2. Some pianists(Richter, who had one of the largest repertoires, for example)played with the score.

Re: Which pianist had the largest performing repertoire? [Re: pianoloverus] #2806113 01/24/19 04:02 PM
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Ohlsson plays over 60 concertos.

Re: Which pianist had the largest performing repertoire? [Re: pianoloverus] #2806640 01/25/19 02:48 PM
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Just read through this thread and very interesting. There are many pianists with wide repertoires but do they play them all well. Richter clearly a major contender. It is my understanding that Cortot also had a huge repertoire and virtually all his recordings are outstanding. (OK, his last recordings I will agree he was way past his prime but still had something to say). Hamelin is up there. Ogdon had a huge repertoire but he was by all accounts and astonishing sight-reader so were many of these on the fly so to speak although he still commands much respect. Wild had a large repertoire and would give even in his later years huge recitals with over three hours of playing. I agree that Barenboim and Arrau obviously belong on this list.

Re: Which pianist had the largest performing repertoire? [Re: Hakki] #2806661 01/25/19 03:53 PM
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Originally Posted by Hakki
Originally Posted by pianoloverus

Other candidates?


Biret ?
Good choice. Her recorded rep is humongous although it is unlikely she performed all that rep.

Last edited by pianoloverus; 01/25/19 04:00 PM.
Re: Which pianist had the largest performing repertoire? [Re: Brad Hoehne] #2806664 01/25/19 03:58 PM
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Originally Posted by Brad Hoehne
Well, off the top of my head here is my guess as to what concertos are "commonly" played:

Mozart ~20 are commonly played
5 Beethoven
2 Chopin
2 Brahms
5 Prokofiev
3 Rachmaninov
2 Liszt
1 Grieg
1 Macdowell
1 Glazunov
1 Schumann
4 or so of the Haydn concertos
~10 J.S. Bach concertos of various sorts
3 C.P.E. Bach
2 Tchaikovsky
1 Lutoslawski
2 Ravel
1 Dvorak
Total: 66
I think there's a lot of extra padding on that list for commonly performed concerti. I would say Mozart more like 12, Bach more like 3, omit Glazunov, CPE Bach, Lutoslawski. That would remove around 20.

Re: Which pianist had the largest performing repertoire? [Re: pianoloverus] #2806819 01/26/19 03:05 AM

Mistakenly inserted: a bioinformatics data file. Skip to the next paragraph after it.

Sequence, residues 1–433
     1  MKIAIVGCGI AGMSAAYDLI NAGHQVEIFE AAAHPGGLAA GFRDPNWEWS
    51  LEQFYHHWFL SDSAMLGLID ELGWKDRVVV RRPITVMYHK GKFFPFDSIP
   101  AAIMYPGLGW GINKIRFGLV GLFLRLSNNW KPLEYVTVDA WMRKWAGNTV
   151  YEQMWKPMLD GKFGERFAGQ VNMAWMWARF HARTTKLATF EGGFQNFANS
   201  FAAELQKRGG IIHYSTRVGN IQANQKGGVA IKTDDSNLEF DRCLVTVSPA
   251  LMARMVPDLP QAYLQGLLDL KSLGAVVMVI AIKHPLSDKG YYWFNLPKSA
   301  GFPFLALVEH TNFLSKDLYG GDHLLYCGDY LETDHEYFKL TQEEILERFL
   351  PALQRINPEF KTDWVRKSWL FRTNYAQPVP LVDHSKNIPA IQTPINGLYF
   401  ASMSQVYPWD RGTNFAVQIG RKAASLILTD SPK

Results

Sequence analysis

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Richter wins this by a mile, I think. In the last ten years of his life (which was when he began playing from the score), he added another 100 pieces to his repertoire alone (including things like the Hindemith Ludus Tonalis, pieces by Berg, Webern, Stravinsky etc,) There may be pianists who played more in the recording studio, but of great artists, none I can think of played so much in public.

Richter had some advantages: his reputation was such that if he wanted to play, someone would find a hall and piano and he would perform. Artists like Barenboim (or Horowitz) just didn't (and couldn't) operate like that. For example, in 1985 Richter was passing through Hungary and decided he wanted to play Hindemith, and lo and behold, the Music Academy opened its small hall to him where he gave a concert on a Sunday afternoon. The performance was also revelatory, I might add (having heard the recording)... Even an artist I admire immensely like Arrau, played a pretty restricted repertoire in later age, but Richter in the only one I can think of who seemed compelled to keep exploring in public.

The issue of memory is a different matter, although no less fascinating. I once spent a week in the company of Zoltán Kocsis and he could sit at the piano and play anything he wanted, be it a Beethoven symphony or a complex modern polyphonic work he had heard. He could listen to an orchestral recording and instantly reproduce it from memory on the piano. He also had things like the entire orchestral score of Schoenberg's Gurrelieder in his head, as well as not just the scores of Bartók's quartets, but also the original manuscripts... John Ogdon was another who would go into a music shop as a student, look at some scores, and come home having memorised them. It is quite scary when you meet people like this.

Re: Which pianist had the largest performing repertoire? [Re: Waxwing] #2806821 01/26/19 04:04 AM
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Originally Posted by Waxwing

The issue of memory is a different matter, although no less fascinating. I once spent a week in the company of Zoltán Kocsis and he could sit at the piano and play anything he wanted, be it a Beethoven symphony or a complex modern polyphonic work he had heard. He could listen to an orchestral recording and instantly reproduce it from memory on the piano. He also had things like the entire orchestral score of Schoenberg's Gurrelieder in his head, as well as not just the scores of Bartók's quartets, but also the original manuscripts... John Ogdon was another who would go into a music shop as a student, look at some scores, and come home having memorised them. It is quite scary when you meet people like this.


I know a couple of people like that. Typical conversation:

"That was great. When did you learn it?"
"eh... I never played it before."





Last edited by johnstaf; 01/26/19 04:07 AM.